By Tamara Loyer (with Jennifer Maiko Bradshaw)
My last days on the street at age 49 were in my safe sleep zone, on a park bench in Coal Harbour. It had a beautiful view, with planes, cruise ships, cranes and a nice and rich neighborhood.
One day, a beer bottle was smashed against my head by a screaming drunk man. As I desperately tried to get out of my sleeping bag, the man kept kicking me. He broke my leg.
Outside the hospital, in a cast and on crutches, I walked through the alleys of downtown. I was vulnerable. Injured. Disabled and alone.
This is not uncommon with older DTES residents. Only. Alone.
I found refuge with Atira. I started with a large room in support housing. The Atira team was nice and friendly with trans. I recovered a lot over 12 years there – not just in health. Legally, mentally, socially and personally.
I made the transition due to the great support.
Now, I’m independent. I work part-time with Atira and on the Beyond The Street show while studying astrophysics.
In 2021, more than 2,200 died from supplies of poisoned drugs – a 26% increase from 2020. Our friends and family are dying every day – seven a day in November and December.
COVID, moreover, devastated the DTES. These deaths are currently concentrated in the DTES – where the average resident dies decades earlier than in other census tracts in the metropolitan region.
It’s hard not to despair and fall back into depression. I feel trapped here with no opportunity or options.
We need more options outside of DTES. While the support housing is far from perfect, it saves lives, lives like mine. That’s why we should build Arbutus and West 8th support housing. It’s not perfect, but it will save lives. The entire city has a responsibility to act to prevent these unnecessary deaths.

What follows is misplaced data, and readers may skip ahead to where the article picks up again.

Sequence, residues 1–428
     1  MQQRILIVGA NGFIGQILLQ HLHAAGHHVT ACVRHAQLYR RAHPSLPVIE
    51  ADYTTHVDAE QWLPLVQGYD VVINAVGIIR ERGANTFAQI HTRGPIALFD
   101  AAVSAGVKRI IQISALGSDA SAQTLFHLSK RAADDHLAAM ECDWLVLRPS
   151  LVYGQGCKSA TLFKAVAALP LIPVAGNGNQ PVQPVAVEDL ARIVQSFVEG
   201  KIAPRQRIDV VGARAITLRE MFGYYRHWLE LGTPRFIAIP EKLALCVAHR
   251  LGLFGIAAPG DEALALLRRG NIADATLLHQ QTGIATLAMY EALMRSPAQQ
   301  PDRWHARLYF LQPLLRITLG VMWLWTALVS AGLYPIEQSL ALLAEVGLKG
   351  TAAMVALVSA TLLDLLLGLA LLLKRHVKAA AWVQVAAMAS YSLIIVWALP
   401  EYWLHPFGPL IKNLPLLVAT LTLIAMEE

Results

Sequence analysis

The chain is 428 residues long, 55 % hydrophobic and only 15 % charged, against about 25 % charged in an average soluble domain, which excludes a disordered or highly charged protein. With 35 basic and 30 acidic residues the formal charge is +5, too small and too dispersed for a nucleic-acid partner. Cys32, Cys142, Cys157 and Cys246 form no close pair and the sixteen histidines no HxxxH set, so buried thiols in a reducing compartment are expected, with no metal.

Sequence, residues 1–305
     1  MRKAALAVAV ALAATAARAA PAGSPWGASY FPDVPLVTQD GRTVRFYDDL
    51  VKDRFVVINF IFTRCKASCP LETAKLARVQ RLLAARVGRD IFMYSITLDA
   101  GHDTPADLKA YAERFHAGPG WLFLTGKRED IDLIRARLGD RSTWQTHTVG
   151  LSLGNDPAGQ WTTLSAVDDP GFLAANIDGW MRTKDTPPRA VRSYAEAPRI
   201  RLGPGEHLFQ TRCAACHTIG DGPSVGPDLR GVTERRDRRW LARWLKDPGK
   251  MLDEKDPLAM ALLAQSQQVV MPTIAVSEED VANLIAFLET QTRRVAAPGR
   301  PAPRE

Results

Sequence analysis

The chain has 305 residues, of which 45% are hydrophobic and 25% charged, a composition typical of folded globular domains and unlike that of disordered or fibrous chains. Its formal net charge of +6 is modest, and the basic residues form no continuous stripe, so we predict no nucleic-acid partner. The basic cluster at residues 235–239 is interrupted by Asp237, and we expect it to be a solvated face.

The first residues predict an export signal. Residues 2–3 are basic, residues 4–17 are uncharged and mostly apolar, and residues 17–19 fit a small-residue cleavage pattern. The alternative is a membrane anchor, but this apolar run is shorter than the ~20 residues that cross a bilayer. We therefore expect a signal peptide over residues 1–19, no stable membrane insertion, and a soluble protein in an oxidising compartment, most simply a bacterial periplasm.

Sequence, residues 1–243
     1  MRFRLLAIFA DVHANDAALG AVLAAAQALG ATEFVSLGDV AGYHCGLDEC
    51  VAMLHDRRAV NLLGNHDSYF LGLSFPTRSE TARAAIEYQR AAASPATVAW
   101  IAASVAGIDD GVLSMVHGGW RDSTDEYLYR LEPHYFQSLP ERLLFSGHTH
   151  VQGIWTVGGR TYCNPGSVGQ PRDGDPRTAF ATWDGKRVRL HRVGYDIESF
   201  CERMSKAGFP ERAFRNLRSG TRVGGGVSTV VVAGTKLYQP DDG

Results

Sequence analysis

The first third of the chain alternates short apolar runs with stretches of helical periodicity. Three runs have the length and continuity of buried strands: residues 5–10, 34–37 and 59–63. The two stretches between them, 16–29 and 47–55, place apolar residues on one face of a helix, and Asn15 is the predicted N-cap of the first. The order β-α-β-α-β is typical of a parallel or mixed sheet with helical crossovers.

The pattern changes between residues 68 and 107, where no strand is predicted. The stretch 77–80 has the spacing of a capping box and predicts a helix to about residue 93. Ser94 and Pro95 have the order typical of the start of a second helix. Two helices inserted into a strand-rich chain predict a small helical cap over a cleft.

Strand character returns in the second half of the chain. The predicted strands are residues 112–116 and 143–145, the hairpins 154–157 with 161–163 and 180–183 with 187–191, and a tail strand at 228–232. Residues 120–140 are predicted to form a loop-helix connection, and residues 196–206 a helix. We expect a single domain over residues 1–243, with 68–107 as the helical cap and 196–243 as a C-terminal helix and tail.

The lack of affordable, social solidarity housing throughout the city has limited the options of those struggling against poverty and oppression and concentrated misery.
There are also drug users already living in this neighborhood. Providing them with a safe, welcoming and supportive home will only help them to heal. Arbutus Street Solidarity Housing will provide 129 homes for these people and help them get off the streets.
There is a lot of opposition to this project and a lot of misinformation. Please have empathy. Housing insecurity can happen to anyone – you, your friends, your family. Please give us options and spaces to heal.
Please write to support this desperately needed project, before comments close on Friday, June 24th, with “strawberry tree support housing” in the subject line.